Most importantly, ministry in the Cretan context begins with leadership because nothing will change in the context without it. Crete needs to be organized or put in order so that other things may follow: correction, good deeds, shepherding, gospel proclamation and so on. None of that happens without leaders to facilitate it. The power comes from the Spirit through the word, but the facilitation comes through godly leaders.

The temptation will be to jump right into obvious and pressing problems in the community, or to get on with the work of evangelism and preaching. Those are good and necessary in their place. But recruiting, training and deploying leaders comes prior. That’s the most foundational work assigned to Titus. It’s the most foundational work assigned to anyone working in a “Crete.” Training and appointing spiritually-qualified leaders is not only how the work goes forward, it’s how the work lasts beyond our lifetimes. When we die all the good and all the preaching we could do dies with us. But if we’ve trained leaders in Crete, then, as one preacher put it, God may bury us workers and carry on the work. If we care about Crete, that’s what we want–the continuance of gospel ministry in the hands of faithful gospel ministers.

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Why Do I Agree to Be Publicly Shamed?

Mar 26, 2014 | Thabiti Anyabwile

Together for the Gospel’14 is coming up in just a couple of weeks (April 8-10th). Registration remains open until March 31st. If you’re still thinking about attending, let me encourage you to do so. I’m certain you will be glad you did because of the encouraging fellowship, the teaching on evangelism (I know I need encouragement in this area!), and the precious time of retreat we all need from time to time.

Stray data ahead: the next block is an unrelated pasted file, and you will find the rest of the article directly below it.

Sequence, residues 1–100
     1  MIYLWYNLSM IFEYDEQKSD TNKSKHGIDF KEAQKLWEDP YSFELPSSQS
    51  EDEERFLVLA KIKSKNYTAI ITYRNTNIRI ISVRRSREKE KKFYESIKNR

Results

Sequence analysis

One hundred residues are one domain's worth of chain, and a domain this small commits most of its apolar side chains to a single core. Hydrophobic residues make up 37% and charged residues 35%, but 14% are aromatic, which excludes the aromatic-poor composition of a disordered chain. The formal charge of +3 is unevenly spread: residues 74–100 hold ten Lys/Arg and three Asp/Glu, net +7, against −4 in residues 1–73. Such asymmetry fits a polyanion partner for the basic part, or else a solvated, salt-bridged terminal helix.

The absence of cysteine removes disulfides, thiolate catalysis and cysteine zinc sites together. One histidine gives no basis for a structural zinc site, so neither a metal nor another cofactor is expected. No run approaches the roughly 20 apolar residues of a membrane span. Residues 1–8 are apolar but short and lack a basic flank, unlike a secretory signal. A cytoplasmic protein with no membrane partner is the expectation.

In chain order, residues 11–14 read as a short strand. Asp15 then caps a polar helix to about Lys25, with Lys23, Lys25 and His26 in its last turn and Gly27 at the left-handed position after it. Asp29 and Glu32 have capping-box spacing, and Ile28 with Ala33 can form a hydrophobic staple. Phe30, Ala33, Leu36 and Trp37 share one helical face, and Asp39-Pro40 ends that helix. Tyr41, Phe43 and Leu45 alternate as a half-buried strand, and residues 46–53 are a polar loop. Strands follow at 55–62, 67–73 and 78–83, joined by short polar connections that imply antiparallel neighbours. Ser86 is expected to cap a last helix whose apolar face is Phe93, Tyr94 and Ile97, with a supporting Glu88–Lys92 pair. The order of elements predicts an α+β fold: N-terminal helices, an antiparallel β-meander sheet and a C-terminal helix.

And if that’s not enough, there’s a Christian pastor’s equivalent of the county fair’s dunking booth: Stump the Panel. This year our brother Mike McKinley is leading a panel made up entirely of questions from you, the ball buying, ball throwing public. It should be fun… in that heart-sinking, shame-inducing way it’s “fun” when you see the ball hit the lever, hear the bell ring, and plunge into ice cold water only to mount and do it all again! I don’t know why I agree to these things. Here’s Mike talking about it:

T4G 2014: Stump the Panel from Together for the Gospel (T4G) on Vimeo.

Here’s How to Submit Your Question:

Option #1 (Preferred): Record Your Question (Via Smartphone Video)

  • Record a video of yourself asking a question.
  • Say your name, your church’s name, where it’s located, and then ask your question.
  • Only one question should be asked in each video. You may submit multiple videos.
  • Videos should not exceed 30 seconds.
  • Please hold the smartphone horizontally during recording and be in a well lit area.
  • Email your video to: with “Stump the Panel” in the subject line.

Option #2: Write Your Question

  • To submit your question via written form, click here.

Please address all your questions to the guys with the multiple degrees!

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Spoken Word Monday: “Insufficient Love” by Jose Palos

Mar 23, 2014 | Thabiti Anyabwile

I love my mama, but this brother helps me see not nearly enough! Loved the way he honors moms. Enjoy!